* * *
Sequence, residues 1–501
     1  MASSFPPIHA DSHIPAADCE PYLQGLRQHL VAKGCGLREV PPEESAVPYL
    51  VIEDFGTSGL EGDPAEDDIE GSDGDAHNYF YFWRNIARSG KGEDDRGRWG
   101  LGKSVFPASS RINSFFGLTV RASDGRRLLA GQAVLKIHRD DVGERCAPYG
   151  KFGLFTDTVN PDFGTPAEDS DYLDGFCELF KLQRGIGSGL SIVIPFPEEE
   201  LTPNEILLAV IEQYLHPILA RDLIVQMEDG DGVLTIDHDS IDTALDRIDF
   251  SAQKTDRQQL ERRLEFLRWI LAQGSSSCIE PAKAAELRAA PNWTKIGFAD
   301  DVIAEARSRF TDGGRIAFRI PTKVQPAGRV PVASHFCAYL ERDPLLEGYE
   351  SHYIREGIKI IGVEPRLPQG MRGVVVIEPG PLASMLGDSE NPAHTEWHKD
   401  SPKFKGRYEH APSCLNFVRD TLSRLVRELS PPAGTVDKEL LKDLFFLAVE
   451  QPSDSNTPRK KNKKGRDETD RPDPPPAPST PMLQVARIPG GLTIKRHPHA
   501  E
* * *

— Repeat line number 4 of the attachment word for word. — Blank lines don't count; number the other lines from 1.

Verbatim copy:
   101  LGKSVFPASS RINSFFGLTV RASDGRRLLA GQAVLKIHRD DVGERCAPYG